Here is, below, some thoughts I exchanged with a consultant in the Paris metro, regarding CIO life. Does it match your knowings ?
Once you have stepped in as CIO, you are facing quickly to a lot of operational concerns which usually are managed by crisis meetings. Your people expect from you to take the harsh decisions they have not been able to take and they think they need, to be backed in their day to day work. You are trying a say about strategy, everybody hears you politely, but they all seem to think : “hey, guy shed your illusions ! Here, you will deal with the hard. only if such a thought may support the budget, it is worth to have”. Your team is expecting a change but nobody believe it is still possible.
You are an experienced manager : when you made your assessment, you discovered that your predecessor did wrongly and rose significantly IT risk level. Then, you get enough resources to secure your first year achievement without undertaking too much changes. After the second year, it appears quickly that change is not so easy to make, and you not fully meet your engagements. Either your CEO is disappointed and you have to change job or, other managers appreciate that you don’t try to change too much, because it may hamper their own changes, so your CEO thinks you have done a tough job in front of adversity. You have started for a new year !
What about your team, meanwhile ? They keep doing brilliantly the operations but with great efforts. You have to negotiate each little change with them, you could not afford a slump in users satisfaction.
Because your are experienced, you ask to an IT consultancy to help your team to find transformations opportunities to make their job easier. All is tried, portfolio management, enterprise architecture, new technologies. But you are not keen to support consultancy recommendations too much because, overall, you want to keep good relationships with your team. All remain more or less in a slideware state.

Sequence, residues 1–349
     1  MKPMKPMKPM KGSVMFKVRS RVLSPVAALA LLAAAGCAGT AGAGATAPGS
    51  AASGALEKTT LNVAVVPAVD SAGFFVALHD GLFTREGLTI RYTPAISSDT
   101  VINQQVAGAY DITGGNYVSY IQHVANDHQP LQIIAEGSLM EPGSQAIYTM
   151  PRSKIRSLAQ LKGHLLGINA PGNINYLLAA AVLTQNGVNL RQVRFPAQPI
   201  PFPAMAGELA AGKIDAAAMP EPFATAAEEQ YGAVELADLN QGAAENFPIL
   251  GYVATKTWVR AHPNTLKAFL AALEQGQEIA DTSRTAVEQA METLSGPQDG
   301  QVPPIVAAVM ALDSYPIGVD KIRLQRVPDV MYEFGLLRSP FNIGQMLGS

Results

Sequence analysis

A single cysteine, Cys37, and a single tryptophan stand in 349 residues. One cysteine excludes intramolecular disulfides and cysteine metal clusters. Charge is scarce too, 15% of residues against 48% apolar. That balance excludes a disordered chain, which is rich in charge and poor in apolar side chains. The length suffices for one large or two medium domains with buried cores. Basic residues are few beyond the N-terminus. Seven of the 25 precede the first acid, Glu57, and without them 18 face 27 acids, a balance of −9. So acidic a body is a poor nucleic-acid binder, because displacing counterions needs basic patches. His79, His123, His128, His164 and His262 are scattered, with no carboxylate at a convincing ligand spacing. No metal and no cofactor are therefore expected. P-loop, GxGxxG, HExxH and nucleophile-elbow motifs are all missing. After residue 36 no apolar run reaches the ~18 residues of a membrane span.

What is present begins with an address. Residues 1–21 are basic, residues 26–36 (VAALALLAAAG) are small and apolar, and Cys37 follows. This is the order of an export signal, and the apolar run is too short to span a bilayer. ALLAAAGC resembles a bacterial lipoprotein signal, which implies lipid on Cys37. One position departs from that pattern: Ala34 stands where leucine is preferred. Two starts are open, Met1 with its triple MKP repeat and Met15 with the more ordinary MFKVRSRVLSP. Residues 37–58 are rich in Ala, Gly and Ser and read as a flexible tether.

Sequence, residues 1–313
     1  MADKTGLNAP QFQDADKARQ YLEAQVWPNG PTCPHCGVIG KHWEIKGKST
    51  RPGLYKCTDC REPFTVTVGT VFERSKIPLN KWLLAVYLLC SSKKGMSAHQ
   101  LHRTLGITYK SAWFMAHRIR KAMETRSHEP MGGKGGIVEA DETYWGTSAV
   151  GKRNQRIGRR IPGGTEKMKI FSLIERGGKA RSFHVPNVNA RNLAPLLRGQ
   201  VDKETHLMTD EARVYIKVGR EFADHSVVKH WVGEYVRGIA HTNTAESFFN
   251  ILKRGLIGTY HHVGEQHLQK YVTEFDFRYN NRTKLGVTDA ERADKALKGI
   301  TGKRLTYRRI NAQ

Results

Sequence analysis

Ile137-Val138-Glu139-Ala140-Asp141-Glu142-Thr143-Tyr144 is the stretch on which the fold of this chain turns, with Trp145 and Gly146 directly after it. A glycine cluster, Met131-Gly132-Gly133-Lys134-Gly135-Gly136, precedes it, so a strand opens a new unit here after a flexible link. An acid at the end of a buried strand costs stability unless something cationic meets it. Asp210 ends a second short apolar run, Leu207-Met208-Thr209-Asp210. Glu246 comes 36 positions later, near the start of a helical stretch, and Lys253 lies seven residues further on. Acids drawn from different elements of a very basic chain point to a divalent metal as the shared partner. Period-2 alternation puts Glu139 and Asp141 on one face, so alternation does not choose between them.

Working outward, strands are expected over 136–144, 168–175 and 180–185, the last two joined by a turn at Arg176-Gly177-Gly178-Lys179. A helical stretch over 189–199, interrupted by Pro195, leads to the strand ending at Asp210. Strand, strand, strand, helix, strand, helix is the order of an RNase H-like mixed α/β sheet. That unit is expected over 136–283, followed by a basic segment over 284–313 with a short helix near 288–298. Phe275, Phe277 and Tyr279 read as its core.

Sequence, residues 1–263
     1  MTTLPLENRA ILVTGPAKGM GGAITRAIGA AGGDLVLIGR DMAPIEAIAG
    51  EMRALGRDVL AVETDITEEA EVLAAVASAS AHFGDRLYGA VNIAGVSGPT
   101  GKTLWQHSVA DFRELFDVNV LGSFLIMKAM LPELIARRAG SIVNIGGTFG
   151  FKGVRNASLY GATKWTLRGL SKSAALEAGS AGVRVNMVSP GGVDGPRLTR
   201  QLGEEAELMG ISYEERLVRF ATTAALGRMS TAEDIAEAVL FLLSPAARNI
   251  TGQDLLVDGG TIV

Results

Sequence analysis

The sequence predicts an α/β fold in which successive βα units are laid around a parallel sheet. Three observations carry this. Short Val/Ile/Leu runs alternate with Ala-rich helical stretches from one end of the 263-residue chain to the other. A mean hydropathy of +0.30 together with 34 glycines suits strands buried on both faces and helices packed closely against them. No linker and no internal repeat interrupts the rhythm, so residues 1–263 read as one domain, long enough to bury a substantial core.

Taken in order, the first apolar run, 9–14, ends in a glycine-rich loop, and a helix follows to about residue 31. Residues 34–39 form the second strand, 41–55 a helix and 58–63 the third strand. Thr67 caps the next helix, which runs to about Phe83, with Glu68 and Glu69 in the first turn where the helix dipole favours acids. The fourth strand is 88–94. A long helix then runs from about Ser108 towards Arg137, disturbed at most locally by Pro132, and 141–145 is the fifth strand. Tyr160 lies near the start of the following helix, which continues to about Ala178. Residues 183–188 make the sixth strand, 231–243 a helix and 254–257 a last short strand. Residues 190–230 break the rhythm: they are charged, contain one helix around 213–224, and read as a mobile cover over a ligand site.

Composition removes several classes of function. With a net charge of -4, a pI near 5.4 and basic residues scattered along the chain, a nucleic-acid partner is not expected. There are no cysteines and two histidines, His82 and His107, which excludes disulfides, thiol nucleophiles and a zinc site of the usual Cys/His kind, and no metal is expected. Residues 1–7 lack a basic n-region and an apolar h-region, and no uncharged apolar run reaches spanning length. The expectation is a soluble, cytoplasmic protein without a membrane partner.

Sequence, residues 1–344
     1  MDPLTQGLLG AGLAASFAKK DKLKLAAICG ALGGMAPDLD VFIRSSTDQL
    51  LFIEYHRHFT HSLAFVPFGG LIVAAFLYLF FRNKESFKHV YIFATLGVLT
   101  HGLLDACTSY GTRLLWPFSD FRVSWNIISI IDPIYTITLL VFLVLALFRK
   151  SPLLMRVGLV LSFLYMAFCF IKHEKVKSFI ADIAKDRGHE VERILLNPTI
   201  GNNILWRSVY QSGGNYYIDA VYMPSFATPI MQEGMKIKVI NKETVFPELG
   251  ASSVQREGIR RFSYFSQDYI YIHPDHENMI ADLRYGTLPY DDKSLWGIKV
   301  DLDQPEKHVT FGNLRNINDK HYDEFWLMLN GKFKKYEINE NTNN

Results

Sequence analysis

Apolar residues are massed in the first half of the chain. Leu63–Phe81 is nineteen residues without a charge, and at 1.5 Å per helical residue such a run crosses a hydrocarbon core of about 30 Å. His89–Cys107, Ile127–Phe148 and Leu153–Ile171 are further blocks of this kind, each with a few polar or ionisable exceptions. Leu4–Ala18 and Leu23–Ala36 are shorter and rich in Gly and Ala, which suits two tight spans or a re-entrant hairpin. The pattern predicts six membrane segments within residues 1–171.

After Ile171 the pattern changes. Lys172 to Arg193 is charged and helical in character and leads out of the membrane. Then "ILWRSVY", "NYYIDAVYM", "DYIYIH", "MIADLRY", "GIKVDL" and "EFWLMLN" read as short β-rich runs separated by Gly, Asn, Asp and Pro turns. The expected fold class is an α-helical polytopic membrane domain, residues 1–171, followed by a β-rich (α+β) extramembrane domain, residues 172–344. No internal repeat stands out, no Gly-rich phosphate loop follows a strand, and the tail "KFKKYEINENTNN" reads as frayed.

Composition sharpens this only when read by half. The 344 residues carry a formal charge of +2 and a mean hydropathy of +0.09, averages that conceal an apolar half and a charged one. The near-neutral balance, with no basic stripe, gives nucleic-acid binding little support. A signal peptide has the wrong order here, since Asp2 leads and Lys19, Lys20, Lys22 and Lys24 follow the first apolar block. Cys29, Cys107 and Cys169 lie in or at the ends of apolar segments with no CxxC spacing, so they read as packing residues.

Your team knows so perfectly company applications that it is very hard to be replaced without impact on the dear user satisfaction. And they don’t see why to change because they are definitely the best.
Then, you change your mind. You set an assistant next to each manager. But everybody find one just for front, and not really able to take on the job.
At last, you adopt a tactical attitude, trying to find the future managers among your people, negotiating harshly for changes. Sometimes you see an opening, and you launch a reengineering. Ouf ! May it help to solve your questions ? Not always, it needs to be successful, otherwise you may be in worse position. At least, you may find that you are playing the game …
Here is how the tough CIO life could be ! Here, no abbreviation like ERP, or SCM, and so … it is the job of the team. All lies in his capability of driving his team to the changes. According to me, it is better to take this way from the beginning instead of starting with securing his position. According to me again, the main capability lies in leadership, not in technical competence or in capability of designing good processes.